Latex Foam Saves Girl’s Life

Gloria Poku and other Latex Foam officials standing by little Attaa Afia and her mother after presenting the cash

LATEX FOAM Rubber Products Limited has helped to save the life of an eight-year-old girl who suffered severe esophagus complications after she accidentally drank caustic soda.

The acidic chemical, used to prepare soap, caused a severe damage to Attaa Afia’s esophagus, making it impossible for her to swallow anything, according to medical experts.

Afia developed a complication called ‘corrosive esophageal stricture’ and she urgently needed to be operated upon by medical experts at the Komfo Anokye Teaching Hospital (KATH) in Kumasi to save her life.

The little girl’s parents did not have the financial wherewithal to pay for the huge cost of the surgery and so they were compelled to fall onto Latex Foam to intervene to save the girl’s life.

Latex Foam also responded swiftly by paying a staggering GH¢8,000, being the full cost for surgery to be performed on Attaa Afia, a native of Bepoase, near Wiamoase in the Ashanti Region.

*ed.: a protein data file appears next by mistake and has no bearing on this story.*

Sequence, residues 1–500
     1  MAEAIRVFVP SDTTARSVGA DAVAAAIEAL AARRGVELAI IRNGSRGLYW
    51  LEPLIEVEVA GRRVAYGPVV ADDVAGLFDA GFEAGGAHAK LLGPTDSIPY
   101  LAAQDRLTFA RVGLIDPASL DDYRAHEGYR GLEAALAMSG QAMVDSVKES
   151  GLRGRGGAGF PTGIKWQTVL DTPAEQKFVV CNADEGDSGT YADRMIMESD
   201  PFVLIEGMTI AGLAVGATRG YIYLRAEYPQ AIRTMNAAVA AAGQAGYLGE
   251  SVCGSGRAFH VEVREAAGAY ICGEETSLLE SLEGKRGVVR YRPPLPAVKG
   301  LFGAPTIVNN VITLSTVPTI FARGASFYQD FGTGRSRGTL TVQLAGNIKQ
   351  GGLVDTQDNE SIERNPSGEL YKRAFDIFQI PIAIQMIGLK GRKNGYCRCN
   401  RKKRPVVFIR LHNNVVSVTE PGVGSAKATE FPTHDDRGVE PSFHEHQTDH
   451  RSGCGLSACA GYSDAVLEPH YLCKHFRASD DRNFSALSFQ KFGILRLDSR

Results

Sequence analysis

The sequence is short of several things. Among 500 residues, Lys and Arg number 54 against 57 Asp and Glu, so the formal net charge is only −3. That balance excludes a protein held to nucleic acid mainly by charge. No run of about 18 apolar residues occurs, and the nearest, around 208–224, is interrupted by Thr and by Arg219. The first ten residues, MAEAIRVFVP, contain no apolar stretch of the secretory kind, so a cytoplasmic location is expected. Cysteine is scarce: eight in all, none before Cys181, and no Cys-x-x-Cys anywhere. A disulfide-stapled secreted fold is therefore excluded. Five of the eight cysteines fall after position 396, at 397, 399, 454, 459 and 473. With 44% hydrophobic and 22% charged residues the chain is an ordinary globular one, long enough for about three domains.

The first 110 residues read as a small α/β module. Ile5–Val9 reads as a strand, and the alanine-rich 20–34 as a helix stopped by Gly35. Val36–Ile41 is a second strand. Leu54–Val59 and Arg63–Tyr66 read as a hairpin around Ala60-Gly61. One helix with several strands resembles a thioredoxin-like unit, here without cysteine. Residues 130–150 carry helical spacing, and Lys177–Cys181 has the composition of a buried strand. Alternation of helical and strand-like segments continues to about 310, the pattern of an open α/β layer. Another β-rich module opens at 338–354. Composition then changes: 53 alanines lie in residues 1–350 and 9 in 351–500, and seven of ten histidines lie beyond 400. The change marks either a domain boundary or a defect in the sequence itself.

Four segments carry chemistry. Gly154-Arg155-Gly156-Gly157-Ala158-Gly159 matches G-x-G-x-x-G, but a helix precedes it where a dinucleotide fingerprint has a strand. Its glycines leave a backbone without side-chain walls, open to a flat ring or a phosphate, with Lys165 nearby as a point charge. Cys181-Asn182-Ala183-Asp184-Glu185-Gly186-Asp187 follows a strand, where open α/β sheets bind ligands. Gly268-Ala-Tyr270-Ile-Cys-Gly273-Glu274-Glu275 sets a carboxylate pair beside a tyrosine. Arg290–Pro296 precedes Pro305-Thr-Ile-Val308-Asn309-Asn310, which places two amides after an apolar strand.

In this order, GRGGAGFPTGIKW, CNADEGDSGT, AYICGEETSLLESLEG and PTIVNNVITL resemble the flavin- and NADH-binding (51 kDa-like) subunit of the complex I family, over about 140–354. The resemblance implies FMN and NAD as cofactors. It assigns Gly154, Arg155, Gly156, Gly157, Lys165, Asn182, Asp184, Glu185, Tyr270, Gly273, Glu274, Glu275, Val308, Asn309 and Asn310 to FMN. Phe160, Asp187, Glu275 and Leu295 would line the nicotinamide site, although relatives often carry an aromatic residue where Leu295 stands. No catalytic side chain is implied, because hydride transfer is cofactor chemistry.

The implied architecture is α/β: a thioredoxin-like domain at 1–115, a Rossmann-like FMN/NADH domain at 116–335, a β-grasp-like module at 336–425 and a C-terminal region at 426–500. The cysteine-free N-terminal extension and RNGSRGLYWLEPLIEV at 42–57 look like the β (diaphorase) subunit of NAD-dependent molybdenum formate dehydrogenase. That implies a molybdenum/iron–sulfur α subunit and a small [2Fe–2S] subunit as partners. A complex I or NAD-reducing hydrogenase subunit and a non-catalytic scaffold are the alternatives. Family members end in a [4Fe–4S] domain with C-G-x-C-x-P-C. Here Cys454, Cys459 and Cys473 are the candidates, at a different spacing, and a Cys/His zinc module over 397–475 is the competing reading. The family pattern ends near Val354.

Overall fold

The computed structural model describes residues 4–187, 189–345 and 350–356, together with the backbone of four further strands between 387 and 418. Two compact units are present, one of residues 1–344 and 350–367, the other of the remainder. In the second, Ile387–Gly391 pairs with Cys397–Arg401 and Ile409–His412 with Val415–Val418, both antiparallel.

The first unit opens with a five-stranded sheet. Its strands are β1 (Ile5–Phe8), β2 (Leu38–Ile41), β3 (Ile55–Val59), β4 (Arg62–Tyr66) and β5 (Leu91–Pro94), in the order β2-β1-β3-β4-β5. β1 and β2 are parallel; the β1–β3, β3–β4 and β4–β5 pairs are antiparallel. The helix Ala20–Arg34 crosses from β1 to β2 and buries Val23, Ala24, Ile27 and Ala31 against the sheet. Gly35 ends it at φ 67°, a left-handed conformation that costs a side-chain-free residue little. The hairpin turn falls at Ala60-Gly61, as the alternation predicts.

Public Relations Officer of Latex Foam in Kumasi, Gloria Opoku, who presented the cash on behalf of her company, said the support was part of Latex Foam’s corporate social responsibilities.

‘As a rubber products manufacturing company, we do not only donate to society, but we are also interested in the health and safety needs of our customers as well as the general public,’ she disclosed.

The Latex Foam PRO gave the assurance that the company would continue to play leading roles to help boost healthcare in the country, particularly, child health.

Dr. Michael Amoah, a Pediatric Surgeon and Head of Pediatric Surgery Unit of the hospital, who received the cheque on behalf little Attaa Afia, was very grateful to management of Latex Foam for the timely support.

He urged other corporate institutions and manufacturing companies to emulate Latex Foam’s shining example by also coming to the aid of patients that were struggling to foot their medical bills.

‘Currently, we have about 50 such cases awaiting surgery but the parents are unable to raise money for the surgery; and I want to use your medium to appeal to a lot more corporate bodies to come and help,’ Dr. Amoah appealed.

FROM I.F. Joe Awuah Jnr., Kumasi

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